Making Advertising Work

Advertising is all around us. We’ve all grown up with it on TV and radio, on signs, in magazines and now on our computers and phones. It’s natural as a business owner to want to advertise too.

Historically, advertising was a way to reach a mass audience, and in many ways it still is. If however, your business is local, or you sell to a niche market, it can be challenging to make advertising work.

The main challenges are scale, cost and focus. Many small businesses lack scale, and most media cannot focus down far enough to speak to your target audience, resulting in huge waste regarding the reach of your ad campaign.

What should you do?

Should you abandon the idea entirely? Not necessarily.

Ideally, what you’re looking for is the ability to focus exclusively on your target audience.

You want to be able to focus on:

  • Small geographic areas (ideally at a community scale or smaller)
  • Specific days and times
  • Tight demographic groups (age, gender, income, education, language etc.)
  • People with specific interests, affiliations, activities and life events
  • People with certain jobs or titles at specific types of companies
  • Specific devices (computers, tablets or phones)
  • Specific search criteria

You need to advertise to who, where, when and how you want.

Is this possible? It depends.

Each media option offers different combinations of focus, and you need to select the ones most suited to your needs. The media channels with the most control are search engines, social media, local search, mobile and online display advertising. Other tightly focused options include local signage, direct mail, telephone campaigns and affiliate marketing.

The problem is usually wading through the options to determine which is best for you. The ad industry does not make it easy as they don’t present apples to apples comparisons. People often need some help to sort it all out in the form of a strategic media plan and forecast model.

Is it affordable? It depends.

Affordability is relative. The cost of entry is usually low enough for small businesses to use and refine, but there is a steep learning curve to overcome.

Is it effective?

It can be if you do it right. You have all the means available to make it effective if you choose to learn how it works and you take the time to master it.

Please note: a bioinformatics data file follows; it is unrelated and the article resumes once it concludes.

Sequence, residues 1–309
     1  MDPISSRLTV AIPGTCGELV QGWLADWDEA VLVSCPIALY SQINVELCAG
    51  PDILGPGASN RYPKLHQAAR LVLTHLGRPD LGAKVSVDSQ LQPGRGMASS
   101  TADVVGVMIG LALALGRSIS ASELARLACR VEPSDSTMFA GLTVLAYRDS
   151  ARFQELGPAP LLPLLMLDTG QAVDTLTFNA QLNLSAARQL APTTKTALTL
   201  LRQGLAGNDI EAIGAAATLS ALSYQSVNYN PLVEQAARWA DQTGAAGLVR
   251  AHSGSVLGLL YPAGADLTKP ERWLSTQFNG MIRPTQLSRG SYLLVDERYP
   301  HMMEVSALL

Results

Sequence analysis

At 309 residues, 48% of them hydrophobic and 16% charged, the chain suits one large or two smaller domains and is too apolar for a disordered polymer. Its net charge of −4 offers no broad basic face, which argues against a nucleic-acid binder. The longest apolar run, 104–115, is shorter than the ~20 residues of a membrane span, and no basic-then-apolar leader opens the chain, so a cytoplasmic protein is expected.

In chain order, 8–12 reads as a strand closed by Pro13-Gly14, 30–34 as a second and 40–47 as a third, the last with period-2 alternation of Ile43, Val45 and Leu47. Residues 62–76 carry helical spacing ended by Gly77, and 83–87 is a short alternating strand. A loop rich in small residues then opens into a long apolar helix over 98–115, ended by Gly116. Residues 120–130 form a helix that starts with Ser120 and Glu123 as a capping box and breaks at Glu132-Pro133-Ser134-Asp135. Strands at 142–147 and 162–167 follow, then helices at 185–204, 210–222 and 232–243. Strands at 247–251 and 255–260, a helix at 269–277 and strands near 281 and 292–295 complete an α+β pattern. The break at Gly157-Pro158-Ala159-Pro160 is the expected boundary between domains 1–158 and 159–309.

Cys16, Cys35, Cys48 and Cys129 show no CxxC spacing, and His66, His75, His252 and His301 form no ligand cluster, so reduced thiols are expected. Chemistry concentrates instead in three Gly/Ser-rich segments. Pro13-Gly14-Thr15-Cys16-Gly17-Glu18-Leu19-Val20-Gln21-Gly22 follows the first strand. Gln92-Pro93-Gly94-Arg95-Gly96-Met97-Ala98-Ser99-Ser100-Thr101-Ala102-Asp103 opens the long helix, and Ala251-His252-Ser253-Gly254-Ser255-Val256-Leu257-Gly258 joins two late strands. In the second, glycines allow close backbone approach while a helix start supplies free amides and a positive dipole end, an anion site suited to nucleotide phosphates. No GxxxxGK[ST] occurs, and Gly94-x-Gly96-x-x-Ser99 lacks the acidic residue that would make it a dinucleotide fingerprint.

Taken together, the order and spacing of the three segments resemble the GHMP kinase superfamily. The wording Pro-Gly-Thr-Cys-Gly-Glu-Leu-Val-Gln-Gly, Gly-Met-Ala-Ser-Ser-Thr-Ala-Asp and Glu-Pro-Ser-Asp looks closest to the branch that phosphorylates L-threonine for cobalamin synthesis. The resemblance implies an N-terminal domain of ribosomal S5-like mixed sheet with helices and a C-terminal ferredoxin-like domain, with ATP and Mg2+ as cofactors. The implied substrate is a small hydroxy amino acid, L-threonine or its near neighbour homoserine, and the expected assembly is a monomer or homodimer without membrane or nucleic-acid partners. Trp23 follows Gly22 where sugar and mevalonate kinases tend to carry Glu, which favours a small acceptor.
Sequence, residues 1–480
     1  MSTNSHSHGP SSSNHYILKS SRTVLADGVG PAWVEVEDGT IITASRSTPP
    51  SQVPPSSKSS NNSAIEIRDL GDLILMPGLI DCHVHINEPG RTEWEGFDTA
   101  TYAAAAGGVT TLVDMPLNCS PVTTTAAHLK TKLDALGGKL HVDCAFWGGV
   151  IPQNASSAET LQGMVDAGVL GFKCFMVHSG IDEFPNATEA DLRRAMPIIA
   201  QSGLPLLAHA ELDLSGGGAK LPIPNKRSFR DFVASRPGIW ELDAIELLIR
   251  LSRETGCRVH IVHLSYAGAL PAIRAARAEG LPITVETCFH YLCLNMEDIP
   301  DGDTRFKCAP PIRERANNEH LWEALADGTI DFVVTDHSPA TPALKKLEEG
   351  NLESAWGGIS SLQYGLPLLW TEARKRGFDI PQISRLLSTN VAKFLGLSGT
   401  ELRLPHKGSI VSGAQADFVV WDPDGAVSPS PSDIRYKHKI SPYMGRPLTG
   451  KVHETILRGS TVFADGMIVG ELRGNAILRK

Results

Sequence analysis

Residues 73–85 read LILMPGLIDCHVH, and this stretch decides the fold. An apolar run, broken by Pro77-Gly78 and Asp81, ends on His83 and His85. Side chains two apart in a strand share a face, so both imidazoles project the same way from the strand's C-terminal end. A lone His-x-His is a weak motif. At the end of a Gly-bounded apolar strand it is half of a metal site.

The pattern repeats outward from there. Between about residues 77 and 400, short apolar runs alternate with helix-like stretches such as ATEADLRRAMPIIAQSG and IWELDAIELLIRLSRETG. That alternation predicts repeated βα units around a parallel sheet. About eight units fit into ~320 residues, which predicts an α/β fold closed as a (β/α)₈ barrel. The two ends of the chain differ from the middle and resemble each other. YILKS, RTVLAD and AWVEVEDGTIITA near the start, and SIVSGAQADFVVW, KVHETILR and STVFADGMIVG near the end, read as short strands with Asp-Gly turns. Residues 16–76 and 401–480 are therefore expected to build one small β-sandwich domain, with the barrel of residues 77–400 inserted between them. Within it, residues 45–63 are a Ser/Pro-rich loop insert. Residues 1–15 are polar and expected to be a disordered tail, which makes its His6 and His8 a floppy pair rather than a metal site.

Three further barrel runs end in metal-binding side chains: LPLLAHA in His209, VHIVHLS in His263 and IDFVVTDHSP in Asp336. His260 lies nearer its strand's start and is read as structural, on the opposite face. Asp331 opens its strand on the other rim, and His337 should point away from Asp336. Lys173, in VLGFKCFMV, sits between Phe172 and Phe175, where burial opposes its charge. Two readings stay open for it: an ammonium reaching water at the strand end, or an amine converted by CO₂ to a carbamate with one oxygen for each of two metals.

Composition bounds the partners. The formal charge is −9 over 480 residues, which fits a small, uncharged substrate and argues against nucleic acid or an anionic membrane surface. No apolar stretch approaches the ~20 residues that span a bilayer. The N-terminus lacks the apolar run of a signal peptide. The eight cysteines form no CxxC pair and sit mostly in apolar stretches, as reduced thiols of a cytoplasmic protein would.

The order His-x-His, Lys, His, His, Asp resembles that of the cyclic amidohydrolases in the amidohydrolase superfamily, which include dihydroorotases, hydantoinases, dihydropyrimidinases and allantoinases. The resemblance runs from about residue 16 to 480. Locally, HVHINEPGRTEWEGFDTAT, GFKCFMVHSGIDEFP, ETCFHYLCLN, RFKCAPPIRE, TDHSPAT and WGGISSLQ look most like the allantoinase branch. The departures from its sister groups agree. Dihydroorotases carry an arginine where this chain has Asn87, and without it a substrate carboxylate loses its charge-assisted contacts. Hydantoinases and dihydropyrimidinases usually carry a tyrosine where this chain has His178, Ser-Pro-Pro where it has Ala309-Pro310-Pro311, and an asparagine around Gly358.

Typically, what makes your advertising effective is a combination of the relevance and attractiveness of your offer, your competition, your sales process, your ability to track results and refine your approach plus a host of other factors that have nothing to do with the advertising itself.

Making advertising work for small business translates into either a steep learning curve or working with an advocate who’ll help you through the process. The trick is separating the advocates from the media salespeople who’re paid a commission when you buy advertising from them. They only get paid if you buy, so expecting unbiased advice from them could be naive.

A true marketing advocate will help you understand your risks and readiness to advertise. They will show you what you need to do to prepare and they’ll help you set the stage for success, before risking your money on high risk and ill-conceived advertising campaigns.

All told the biggest risk to manage is often your own impatience and reluctance to take on an on-going continuous improvement process. Entrepreneurs are often predisposed to a one-off, trial and error approach.

Success in advertising is like learning an instrument or learning to play hockey; it takes time, training, practice and the money to pay for all the gear. You being the primary barrier is the good news, because if you’re the main obstacle, you’re also the key to success. Success in small business advertising comes down to whether you decide to take it on and develop the skills to win.

Like everything else important you’ve ever taken on, it starts with goal setting, planning, committing to making it happen and then doing it long enough to get results, ideally with the help of a coach, mentor or advocate.

If you’re considering advertising and you’d like to determine if you’re ready, let’s talk. We’ll be happy to help you make an informed choice on how to move forward.

Marketing Is Not Advertising

Over the past six months, I’ve spent a lot of time meeting other business owners. What they keep sharing with me is their impression that marketing is just another word for advertising. When I share with them what marketing is, the most common sentiment is surprise. To my surprise, many business owners have little understanding of marketing beyond the ads they see and the sales pitches they endure.

If I stop and recall my introduction to marketing 25+ years ago, I remember how confused I was. It was such a foreign way to think. I struggled to get my head around it for quite a while. My mentor at the time explained marketing to me like this,

“Marketing is everything you do to grow your company.”

I’ve always liked the simplicity of that description and yet, when I first heard it, didn’t understand what he meant.

What Is Marketing?

What I’ve come to understand is marketing affects all facets of a company. That’s because all aspects of a company affect people’s experience. I now see marketing as the unifying principle behind a business. Its the leadership premise or the platform companies are built upon.

Marketing starts with an idea about who you are, and whom you serve. The idea expands into how you create value for people in a way that is distinct from your competitors. Marketing is the culture of a company and the experience you routinely create for people. Its who you are, how you sell and how you build the economic relationships that drive your businesses forward.